Former New York City Mayor Michael Bloomberg, a billionaire who backed out of a promise to pay his campaign staff after ending his White House run, will speak at the Democratic National Convention.
Bloomberg will be a featured speaker at the virtual convention, where he will express his support for former Vice President Joe Biden’s presidential bid and criticize President Donald Trump’s handling of the economy, CNBC reported Thursday. He will also speak on what he believes is the president’s poor response to the pandemic, a convention official told CNBC.
Rep. Alexandria Ocasio-Cortez was provided the opportunity to deliver a pre-recorded message at the convention, Business Insider reported Wednesday.
Bloomberg, a former Republican who has a net-worth of over $54 billion, donated $18 million to the Democratic Party in March after previously promising to create an independent expenditure campaign ahead of the election that would have kept staff employed throughout November. (RELATED: Bloomberg Bails On Pledge To Employ Campaign Staffers Throughout Election)
Bloomberg campaign staffers lashed out after hearing the news.
“He’s chopping his employees in a pandemic,” one staffer in Florida, who asked to remain anonymous because the staff signed a nondisclosure agreement with the Bloomberg campaign, told BuzzFeed in March. “My life is now uprooted and I’m effectively homeless.”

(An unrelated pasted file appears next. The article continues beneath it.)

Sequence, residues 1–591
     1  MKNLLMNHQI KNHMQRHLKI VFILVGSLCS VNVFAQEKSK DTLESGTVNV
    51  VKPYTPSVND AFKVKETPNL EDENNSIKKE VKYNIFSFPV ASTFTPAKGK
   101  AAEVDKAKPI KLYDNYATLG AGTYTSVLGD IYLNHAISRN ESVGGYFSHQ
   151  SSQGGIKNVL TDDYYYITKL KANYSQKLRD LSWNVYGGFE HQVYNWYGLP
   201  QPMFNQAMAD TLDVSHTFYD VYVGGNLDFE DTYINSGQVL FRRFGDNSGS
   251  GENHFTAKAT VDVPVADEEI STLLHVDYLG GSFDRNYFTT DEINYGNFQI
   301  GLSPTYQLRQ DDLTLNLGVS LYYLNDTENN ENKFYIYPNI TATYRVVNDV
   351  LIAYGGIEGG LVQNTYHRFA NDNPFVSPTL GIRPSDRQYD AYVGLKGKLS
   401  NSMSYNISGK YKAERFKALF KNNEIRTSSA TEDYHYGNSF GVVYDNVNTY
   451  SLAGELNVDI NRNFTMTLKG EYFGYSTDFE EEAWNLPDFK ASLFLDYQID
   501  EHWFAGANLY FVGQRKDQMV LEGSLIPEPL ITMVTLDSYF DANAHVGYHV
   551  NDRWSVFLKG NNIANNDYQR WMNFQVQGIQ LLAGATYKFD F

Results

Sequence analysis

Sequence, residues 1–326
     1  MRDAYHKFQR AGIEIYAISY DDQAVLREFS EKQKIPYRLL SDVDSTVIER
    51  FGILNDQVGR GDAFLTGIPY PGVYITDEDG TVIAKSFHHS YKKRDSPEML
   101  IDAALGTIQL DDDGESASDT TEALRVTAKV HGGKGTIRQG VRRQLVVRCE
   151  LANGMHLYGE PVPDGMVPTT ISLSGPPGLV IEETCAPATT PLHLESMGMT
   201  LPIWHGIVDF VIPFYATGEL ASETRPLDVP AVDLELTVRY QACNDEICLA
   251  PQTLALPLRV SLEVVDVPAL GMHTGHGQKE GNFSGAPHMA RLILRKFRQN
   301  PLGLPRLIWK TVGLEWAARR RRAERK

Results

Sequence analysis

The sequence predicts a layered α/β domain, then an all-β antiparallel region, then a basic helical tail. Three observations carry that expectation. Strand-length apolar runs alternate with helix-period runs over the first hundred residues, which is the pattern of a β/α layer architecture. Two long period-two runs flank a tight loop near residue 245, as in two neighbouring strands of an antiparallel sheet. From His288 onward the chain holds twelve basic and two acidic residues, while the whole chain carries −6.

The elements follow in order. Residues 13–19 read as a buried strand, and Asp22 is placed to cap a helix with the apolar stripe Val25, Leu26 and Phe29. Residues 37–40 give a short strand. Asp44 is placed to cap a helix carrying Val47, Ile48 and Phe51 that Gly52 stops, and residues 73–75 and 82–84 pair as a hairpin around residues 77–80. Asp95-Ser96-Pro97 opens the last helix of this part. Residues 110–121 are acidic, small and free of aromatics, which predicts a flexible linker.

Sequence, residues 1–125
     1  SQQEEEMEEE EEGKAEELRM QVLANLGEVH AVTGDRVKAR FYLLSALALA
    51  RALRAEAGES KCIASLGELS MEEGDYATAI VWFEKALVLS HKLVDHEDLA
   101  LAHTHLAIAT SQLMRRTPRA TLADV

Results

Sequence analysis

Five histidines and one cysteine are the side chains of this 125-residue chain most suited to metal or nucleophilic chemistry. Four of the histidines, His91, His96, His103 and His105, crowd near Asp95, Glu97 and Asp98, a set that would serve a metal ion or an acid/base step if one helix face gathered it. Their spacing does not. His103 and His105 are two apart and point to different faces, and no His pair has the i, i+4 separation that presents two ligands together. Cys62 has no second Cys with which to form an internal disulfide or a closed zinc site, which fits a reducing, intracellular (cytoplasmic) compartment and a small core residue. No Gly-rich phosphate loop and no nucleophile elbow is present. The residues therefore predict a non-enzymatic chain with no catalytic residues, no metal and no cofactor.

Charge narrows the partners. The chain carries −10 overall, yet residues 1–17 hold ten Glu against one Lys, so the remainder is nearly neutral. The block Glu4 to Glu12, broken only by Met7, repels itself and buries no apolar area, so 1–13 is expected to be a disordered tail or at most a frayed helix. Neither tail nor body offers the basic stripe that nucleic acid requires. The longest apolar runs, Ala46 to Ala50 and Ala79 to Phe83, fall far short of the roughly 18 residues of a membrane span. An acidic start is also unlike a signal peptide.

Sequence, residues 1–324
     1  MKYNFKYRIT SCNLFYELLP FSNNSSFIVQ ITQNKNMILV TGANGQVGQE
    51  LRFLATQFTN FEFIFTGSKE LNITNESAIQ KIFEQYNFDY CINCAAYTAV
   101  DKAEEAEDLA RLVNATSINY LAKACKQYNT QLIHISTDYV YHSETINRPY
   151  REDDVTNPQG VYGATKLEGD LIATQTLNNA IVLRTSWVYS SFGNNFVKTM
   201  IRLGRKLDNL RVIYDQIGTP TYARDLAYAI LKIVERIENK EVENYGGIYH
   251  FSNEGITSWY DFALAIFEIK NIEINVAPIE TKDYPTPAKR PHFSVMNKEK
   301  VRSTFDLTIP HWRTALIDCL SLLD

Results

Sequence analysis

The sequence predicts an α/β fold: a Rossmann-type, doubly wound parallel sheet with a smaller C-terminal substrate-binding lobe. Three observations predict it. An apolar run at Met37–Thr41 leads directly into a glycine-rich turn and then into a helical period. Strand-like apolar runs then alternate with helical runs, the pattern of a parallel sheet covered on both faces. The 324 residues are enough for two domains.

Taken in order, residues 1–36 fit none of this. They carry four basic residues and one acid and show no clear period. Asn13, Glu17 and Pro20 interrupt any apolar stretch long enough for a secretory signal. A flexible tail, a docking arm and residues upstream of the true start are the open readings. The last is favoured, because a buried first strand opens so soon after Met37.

Other staffers shared stories. “It’s fucking scary,” another staffer, who also spoke anonymously to BuzzFeed, said of the thought getting dropped from their insurance during a global pandemic. Officials imposed lockdowns to slow the spread of the coronavirus pandemic, which has reportedly killed 751,000 people worldwide, according to data from John Hopkins University.
The lockdowns have resulted in staggeringly high unemployment rates and an economic recession.
Federal rules allow individuals to donate up to $355,000 per year under normal conditions, but Bloomberg’s transfer of $18 million from his self-funded campaign to the Democratic National Committee appears to have skirted those rules under a provision that allows federal campaigns to transfer an unlimited amount of money to party committees, according to a complaint filed with the Federal Election Commission
The commission lacks a quorum and has therefore not reviewed Bloomberg’s transfer.
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